Nagorno-Karabakh tours and unrecognized countries tourism? Halabja and Ahmadawa are within Sulaymaniyah’s district and can be visited on a day trip, even by public transportation. In 1988, during the Iran-Iraq war, the Iranians took over a small town named Halabja and, in response, Saddam Hussein organized a massive attack with the use of chemical weapons, which killed thousands of people in a matter of seconds, mainly Kurds. The attack was condemned by many worldwide tribunals as a crime against humanity and a real genocide. Today, Halabja is just a normal town where you find a memorial to the victims of the attack and a museum, which is nothing else than Saddam Hussein’s House of Horrors Part 2. The museum is at the entrance of the city and it opens from 9am to 12pm and from 13pm to 5pm.
South Ossetia, officially the Republic of South Ossetia – the State of Alania, or the Tskhinvali Region, is a disputed territory in the South Caucasus, in the northern part of the internationally recognised Georgian territory. South Ossetia is a country that seceded from — but is still claimed by — Georgia. Central Georgia’s Kartli region lies to its south and east and the Rioni Region to its west. To the north is the ethnically identical North Ossetia region of Russia’s North Caucasus. Large parts of South Ossetia, a breakaway territory of Georgia, enjoyed de facto independence after a civil conflict ended in 1992. A 2008 war that drew in Russian forces resulted in the expulsion of the remaining Georgian government presence. Read more details at Artsakh Tours.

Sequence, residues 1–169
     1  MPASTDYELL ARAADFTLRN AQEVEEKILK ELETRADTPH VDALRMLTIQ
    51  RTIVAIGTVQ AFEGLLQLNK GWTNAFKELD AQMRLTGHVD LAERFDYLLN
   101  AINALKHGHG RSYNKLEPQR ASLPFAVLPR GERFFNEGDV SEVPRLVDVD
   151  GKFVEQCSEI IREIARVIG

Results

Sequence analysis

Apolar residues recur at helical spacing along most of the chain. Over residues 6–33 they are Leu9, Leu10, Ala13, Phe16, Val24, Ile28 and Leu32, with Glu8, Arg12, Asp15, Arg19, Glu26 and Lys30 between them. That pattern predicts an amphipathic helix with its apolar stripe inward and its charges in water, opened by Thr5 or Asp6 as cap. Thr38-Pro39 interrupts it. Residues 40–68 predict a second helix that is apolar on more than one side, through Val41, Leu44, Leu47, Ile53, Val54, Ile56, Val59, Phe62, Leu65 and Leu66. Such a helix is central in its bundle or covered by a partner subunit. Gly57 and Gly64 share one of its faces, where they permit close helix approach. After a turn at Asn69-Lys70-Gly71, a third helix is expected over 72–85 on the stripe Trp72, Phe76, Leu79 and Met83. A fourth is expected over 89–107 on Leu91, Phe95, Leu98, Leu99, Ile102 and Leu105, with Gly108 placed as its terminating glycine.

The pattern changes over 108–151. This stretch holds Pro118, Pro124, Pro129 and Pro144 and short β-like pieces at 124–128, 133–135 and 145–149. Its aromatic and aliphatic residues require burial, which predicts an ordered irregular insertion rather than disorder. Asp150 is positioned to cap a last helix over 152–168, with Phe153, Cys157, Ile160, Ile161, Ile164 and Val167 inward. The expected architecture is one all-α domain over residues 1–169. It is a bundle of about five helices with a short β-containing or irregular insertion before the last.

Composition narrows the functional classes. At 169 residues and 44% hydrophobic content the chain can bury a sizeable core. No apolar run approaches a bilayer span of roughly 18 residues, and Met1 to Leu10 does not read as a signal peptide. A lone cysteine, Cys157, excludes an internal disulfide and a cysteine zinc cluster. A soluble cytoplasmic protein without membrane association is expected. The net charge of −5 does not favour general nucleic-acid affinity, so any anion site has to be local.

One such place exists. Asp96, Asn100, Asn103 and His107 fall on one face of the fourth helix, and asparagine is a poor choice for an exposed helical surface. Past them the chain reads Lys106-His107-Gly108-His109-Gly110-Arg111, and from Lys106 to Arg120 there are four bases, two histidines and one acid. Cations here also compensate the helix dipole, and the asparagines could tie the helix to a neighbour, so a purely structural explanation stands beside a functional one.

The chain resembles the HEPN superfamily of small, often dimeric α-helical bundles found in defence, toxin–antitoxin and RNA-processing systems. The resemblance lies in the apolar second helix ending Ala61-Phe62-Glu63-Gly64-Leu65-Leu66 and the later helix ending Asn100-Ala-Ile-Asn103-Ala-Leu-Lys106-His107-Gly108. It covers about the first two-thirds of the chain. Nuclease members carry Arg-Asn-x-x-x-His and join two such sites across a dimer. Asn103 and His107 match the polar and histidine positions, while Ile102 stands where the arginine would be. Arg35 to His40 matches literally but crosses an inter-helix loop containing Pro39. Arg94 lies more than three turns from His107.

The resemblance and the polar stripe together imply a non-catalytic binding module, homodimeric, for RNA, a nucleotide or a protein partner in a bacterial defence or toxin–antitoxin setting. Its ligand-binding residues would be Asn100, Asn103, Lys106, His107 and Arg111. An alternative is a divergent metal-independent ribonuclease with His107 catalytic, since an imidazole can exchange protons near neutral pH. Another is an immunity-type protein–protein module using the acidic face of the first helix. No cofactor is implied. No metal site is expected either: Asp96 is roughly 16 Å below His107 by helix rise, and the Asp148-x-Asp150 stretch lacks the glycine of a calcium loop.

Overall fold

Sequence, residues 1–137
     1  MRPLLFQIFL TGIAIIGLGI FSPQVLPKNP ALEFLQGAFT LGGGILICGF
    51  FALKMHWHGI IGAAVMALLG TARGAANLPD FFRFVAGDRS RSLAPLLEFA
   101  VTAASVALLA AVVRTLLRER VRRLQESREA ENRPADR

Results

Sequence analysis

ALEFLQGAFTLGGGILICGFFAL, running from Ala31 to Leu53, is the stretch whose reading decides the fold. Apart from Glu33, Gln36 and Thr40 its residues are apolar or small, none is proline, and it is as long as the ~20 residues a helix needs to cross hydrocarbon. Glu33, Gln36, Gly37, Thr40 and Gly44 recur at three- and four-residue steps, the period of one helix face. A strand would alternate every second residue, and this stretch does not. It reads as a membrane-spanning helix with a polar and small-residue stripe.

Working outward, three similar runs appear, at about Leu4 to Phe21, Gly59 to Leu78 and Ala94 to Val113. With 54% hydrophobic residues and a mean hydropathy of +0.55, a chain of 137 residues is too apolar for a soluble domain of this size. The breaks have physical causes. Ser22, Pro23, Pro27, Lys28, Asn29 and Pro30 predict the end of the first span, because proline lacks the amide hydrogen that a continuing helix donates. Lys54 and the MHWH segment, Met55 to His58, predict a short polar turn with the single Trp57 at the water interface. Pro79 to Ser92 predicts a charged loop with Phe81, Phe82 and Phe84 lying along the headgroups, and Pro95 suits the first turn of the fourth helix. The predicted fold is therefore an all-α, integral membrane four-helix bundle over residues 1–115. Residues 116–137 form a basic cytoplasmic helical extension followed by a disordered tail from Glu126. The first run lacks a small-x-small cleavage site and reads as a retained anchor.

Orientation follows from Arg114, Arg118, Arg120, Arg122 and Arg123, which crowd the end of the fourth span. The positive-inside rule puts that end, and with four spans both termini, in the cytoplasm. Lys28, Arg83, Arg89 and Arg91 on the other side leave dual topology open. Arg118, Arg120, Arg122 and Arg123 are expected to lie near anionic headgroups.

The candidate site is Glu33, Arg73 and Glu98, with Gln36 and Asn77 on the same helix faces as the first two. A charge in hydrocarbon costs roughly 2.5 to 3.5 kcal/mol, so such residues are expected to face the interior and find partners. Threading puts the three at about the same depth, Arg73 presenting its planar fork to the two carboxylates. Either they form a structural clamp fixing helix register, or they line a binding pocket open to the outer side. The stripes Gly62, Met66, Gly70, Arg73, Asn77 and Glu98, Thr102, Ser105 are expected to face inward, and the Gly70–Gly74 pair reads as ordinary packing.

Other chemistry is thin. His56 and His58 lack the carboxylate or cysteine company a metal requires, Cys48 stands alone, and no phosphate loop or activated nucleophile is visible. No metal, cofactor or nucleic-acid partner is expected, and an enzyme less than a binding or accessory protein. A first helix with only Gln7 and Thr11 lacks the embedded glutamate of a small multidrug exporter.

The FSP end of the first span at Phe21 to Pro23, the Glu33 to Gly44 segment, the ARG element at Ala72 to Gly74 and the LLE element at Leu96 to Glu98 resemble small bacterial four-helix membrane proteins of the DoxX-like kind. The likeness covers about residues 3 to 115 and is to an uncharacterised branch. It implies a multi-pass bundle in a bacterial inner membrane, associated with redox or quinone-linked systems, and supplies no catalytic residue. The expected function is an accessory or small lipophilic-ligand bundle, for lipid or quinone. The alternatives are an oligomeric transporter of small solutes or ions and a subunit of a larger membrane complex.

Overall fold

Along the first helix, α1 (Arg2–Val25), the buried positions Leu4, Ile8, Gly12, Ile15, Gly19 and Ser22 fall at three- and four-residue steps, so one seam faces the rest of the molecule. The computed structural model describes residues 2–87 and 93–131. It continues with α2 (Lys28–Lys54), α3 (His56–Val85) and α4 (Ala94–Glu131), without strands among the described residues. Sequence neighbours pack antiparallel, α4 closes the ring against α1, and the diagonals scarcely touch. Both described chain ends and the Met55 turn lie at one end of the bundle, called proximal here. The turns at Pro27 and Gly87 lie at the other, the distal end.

Some ethnologists trace the roots of the Abkhaz to the Heniochi, a fierce tribe documented by Ancient Greek explorers, while others believe their progenitors were Kartvelian (Georgian). Regardless of their origin, everyone agrees that Abkhazians are a culturally distinct Caucasian ethnic group; they have their own language, customs, and pantheon of nature gods (though the majority of Abkhazians today practice Abkhazian Orthodox Christianity and, to a lesser extent, Islam).
?Unrecognized Countries constitute an interesting and important anomaly in the international system of sovereign states. No matter how successful and efficient in the administration of their territories they are, they fail to achieve international recognition. In some cases, the unrecognized country is more successfully both from a democratic perspective and from an economic perspective. Especially in such cases, why wouldn’t the international community recognize unrecognized countries? See more details at politicalholidays.com.